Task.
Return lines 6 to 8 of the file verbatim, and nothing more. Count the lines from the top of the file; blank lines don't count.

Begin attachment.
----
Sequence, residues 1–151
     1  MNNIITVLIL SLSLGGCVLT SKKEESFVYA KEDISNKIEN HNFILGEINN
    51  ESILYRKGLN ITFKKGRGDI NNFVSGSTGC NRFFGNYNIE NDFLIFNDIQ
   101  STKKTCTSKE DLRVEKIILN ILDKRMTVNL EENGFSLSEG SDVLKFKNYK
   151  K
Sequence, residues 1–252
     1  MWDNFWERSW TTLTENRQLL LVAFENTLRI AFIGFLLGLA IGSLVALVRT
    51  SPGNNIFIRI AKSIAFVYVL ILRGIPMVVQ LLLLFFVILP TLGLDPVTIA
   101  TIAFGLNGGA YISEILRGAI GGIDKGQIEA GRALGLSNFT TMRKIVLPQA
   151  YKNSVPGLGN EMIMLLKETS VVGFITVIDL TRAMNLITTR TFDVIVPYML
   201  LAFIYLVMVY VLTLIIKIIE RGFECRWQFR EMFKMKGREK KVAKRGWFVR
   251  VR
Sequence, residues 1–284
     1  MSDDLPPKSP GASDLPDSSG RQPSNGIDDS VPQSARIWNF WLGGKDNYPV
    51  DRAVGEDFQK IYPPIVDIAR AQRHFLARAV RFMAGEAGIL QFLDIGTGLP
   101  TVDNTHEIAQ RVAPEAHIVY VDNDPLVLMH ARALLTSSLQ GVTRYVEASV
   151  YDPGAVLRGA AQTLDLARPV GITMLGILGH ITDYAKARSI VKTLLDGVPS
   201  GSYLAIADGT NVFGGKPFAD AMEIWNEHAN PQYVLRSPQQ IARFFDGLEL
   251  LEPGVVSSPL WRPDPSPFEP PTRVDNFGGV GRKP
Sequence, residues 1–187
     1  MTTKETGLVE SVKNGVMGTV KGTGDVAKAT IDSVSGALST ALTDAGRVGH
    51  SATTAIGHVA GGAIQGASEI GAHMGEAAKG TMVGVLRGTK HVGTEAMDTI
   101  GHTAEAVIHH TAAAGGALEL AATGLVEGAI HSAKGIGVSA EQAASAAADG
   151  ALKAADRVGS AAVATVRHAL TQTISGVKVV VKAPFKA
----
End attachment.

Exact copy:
Sequence, residues 1–252
     1  MWDNFWERSW TTLTENRQLL LVAFENTLRI AFIGFLLGLA IGSLVALVRT
    51  SPGNNIFIRI AKSIAFVYVL ILRGIPMVVQ LLLLFFVILP TLGLDPVTIA